Do have a drink and something to eat as soon as possible after your run. Drink plenty of water or a carbohydrate drink (ideally one which contains six grams of carbs per 100ml) to replenish fluid losses immediately after working out. Have a carbohydrate-rich snack with a little protein ideally within 30 minutes and no later than two hours perhaps a couple of portions of fresh fruit with a pot of yoghurt, a tuna or hummus sandwich or a carton of flavoured milk.

Do plan ahead. Ideally you should eat every three hours, so build your day around eating. Schedule meals and take nutritious snacks and shakes with you if you have to eat on the go.

Do choose low GI meals and foods, which will promote better glycogen storage. Carbs eaten with some protein or healthy fat (such as potatoes with chicken, pasta with fish or rice with tofu) give a longer, slower energy release compared with carbs on their own.

Don't eat less on rest days you still need plenty of carbs and protein to promote muscle recovery and re-fill glycogen stores.

Don't over-indulge. Although you need to take on a lot of calories when you're training hard, the energy in/energy out equation still applies. You risk gaining weight and sapping your performance if you overdo it.

Don't skip meals. Leaving longer than four hours between meals saps your energy and can result in muscle loss as your body turns to protein for fuel. No time for a meal? Have a smoothie or some nuts and dried fruit to stay fuelled.

Don't eat quick-fix foods. Fast foods, processed snacks and soft drinks are full of sugar, saturated fat and salt all great energy-sappers. They don't fill you up or satisfy your appetite so it's all too easy to passively over-consume calories.

Don't drink too much alcohol. It's high in calories, puts undue stress on the liver and can hinder your recovery after intense runs. If you must drink, limit yourself to one or two units (one pint of ordinary strength lager), and have at least two alcohol-free days per week.  (Ah well … can’t win them all!!)

(Many thanks to Runner’s World for the above http://www.runnersworld.co.uk )

 

Whilst on the subject of looking after yourself, a complementary site to the above is the “One-stop resource for runners” at http://www.runnersmedicalresource.com.  Taking part in long distance events can be beneficial to your health if you are aware of the correct ways of training, drinking and eating.  The website aims to deliver in simple terms, how to look after your body to ensure you have a safe and healthy race every time.

            

 

Events Diary: Most entry forms can be downloaded from race websites; others are likely to be on the club notice board.

 

Fri 06 Apr

MAIDENHEAD EASTER 10, 9:30am, Nortel, Westacott Way

10 miles

http://www.maidenheadac.co.uk

Sat 07 Apr

ASTHMA UK 10K, 11:00am Dorney Lake, Windsor

10k

http://www.asthma.org.uk

Mon 09 Apr

WEST WIGHT THREE HILLS 8, 12:00pm, Sports Ctre, Freshwater,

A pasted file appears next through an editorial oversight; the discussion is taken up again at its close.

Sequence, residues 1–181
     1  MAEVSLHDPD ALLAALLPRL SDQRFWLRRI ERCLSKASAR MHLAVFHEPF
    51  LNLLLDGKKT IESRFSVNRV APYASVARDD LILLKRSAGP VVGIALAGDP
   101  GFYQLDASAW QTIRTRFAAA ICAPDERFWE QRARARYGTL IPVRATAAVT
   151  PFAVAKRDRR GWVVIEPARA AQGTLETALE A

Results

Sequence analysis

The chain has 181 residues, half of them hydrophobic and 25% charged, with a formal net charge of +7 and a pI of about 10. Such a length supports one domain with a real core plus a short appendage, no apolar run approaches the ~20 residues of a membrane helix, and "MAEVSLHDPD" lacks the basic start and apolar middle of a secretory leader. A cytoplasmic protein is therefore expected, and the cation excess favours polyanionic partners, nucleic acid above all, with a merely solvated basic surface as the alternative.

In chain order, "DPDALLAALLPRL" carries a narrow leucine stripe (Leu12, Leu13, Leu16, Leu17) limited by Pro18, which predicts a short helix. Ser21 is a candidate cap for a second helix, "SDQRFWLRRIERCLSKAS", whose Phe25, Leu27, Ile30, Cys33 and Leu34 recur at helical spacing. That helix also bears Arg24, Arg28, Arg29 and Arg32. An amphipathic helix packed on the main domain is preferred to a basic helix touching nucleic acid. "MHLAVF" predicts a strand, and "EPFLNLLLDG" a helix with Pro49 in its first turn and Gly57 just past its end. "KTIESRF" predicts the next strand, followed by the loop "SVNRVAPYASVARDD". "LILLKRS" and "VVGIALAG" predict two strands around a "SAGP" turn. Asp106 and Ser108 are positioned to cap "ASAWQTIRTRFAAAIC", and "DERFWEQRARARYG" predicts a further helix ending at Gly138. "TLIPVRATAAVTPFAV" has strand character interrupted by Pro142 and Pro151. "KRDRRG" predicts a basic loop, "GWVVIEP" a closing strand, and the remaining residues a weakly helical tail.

8 miles

http://www.rydeharriers.co.uk

Sun 15 Apr

HIGHWORTH 5 MILE, 11:00am Warneford School, Highworth

5 miles

http://www.highworthrunningclub.com

THAMES TOWPATH TEN, 9:30am, Chiswick, TW8 9PT

10 miles

http://www.west4harriers.org

TOUGH CHALLENGE - WENDOVER WOODS, 9:00am

26.2 miles

http://www.toughchallenge.com

Sun 22 Apr

THE LONDON MARATHON9:00 am Greenwich, London

26.2 miles

http://www.london-marathon.co.uk   

Sun 29 Apr

OFFA’S ORROR 20K, 10:30am, Anchor Inn, Tintern

20k

http://www.chepstowharriers.org.uk

BRACKNELL ½ MARATHON, 9:00am, South Hill Park

13.1 miles

http://www.bracknell-forest.gov.uk

MARWELL ZOO 10K, 10:30am, Colden Common, Near Winchester

10k

http://www.eastleighrunningclub.org.uk

Sun 06 May

THREE FORTS MARATHON, 10:00am, Worthing

26.2 miles

http://www.threefortsmarathon.org.uk

Mon 07May

SHINFIELD 10K, 10:30am,  Recreation Ground, Millworth Lane

10k

http://www.runnersworld.co.uk/events/viewevent.asp?sp=&v=2&EN=35325

Tue 08 May

SILVERSTONE GRAND PRIX 10K, 7:30pm, Grand Prix Circuit

10k

http://www.silsonjoggers.org.uk

Sat 12 May

ICKNIELD WAY ½ MTH & 10K, 10:00am, Chinnor

13.1 miles

See club noticeboard

Sun 13 May

THE HAIRY LEGS CHALLENGE, 10:00am, Goring

5k,20k,5k

http://www.hairylegs.org

BENSON 10K & BUN RUN 4, 10:30am, Benson Parish Hall

10k

Benson, Oxfordshire

WOODLEY 10K, 11:00am Headley Road, Woodley

10k

http://www.woodley10K.co.uk

Sat 19 May

MARLBOROUGH DOWNS CHALLENGE, 9:00am & 10:30am

33 & 20 miles

http://www.marlboroughrunningclub.co.uk

Sun 20 May

THE WINDERMERE MARATHON 2007, Cumbria, Lake District

26.2 miles

http://www.brathay.org.uk 

OXFORD TOWN & GOWN 10K, 10:30am, University Parks, Parks Road

10k

http://oxfordtownandgown.org

PEWSEY VALE 10K, 11:00am Pewsey School, Wilcot Road

10k

http://www.pewseyvalerunningclub.com

Sun 27 May

ROPLEY 10K, 11:00am, starts from St Peter’s Church, in Church Street

10k

http://www.ropley10k.co.uk

Mon 28 May

KINTBURY 5, 10:30 Kintbury Village Hall

5 miles

www.newburyac.org.uk

Sun 03 Jun

THE CHILTERN CHASE, 10:00am Ewelme Village

10k

Entries;4 Wingfield Close, Ewelme, OX10 6JY

NEEDLES XC ½ & FULL MARATHON,10am West Wight

26.2 miles

http://needlesxcmarathon.blogspot.com

TRAIL RUN IN GLORIOUS GOODWOOD, 11:00am Country Park

10k

http://www.runnersworld.co.uk/events/viewevent.asp?sp=&v=2&EN=36145

Sun 17 Jun

RIDGEWAY RELAY, 7:30am, Ivinghoe Beacon

87 miles

www.marlboroughrunningclub.co.uk

Sat 07 Jul

THE COMPTON CANTER, 2:00pm Compton recreation ground

~6 miles

http://www.comptonharriers.org.uk

Sun 15 Jul

CRAWLEY 10K (multi-terrain), 10:00am, K2 Leisure Centre, Crawley

10k

http://www.stch.org.uk

ST DOMINICS HAMBLEDON RUN, 10:30am, Godalming

6 miles

See club notice board

Sun 22 Jul

THAMES RUN, 11:30am Kinecroft, Wallingford

~13k

http://www.thamesrun.co.uk

Sun 16 Sep

THE BONESHAKER, 10:30am Ardington Sports Club

5k,20k,5k

www.bone-shaker.co.uk

Sun 21 Oct

ABINGDON MARATHON , 9:00am, Tilsley Park Athletics Stadium

26.2 miles

http://www.abingdonamblers.co.uk

Sun 28 Oct

BEACHY HEAD MARATHON,9.00am, St Bede's School,  Eastbourne

26.2 miles

http://www.beachyheadmarathon.org.uk

(Mo – April 2007)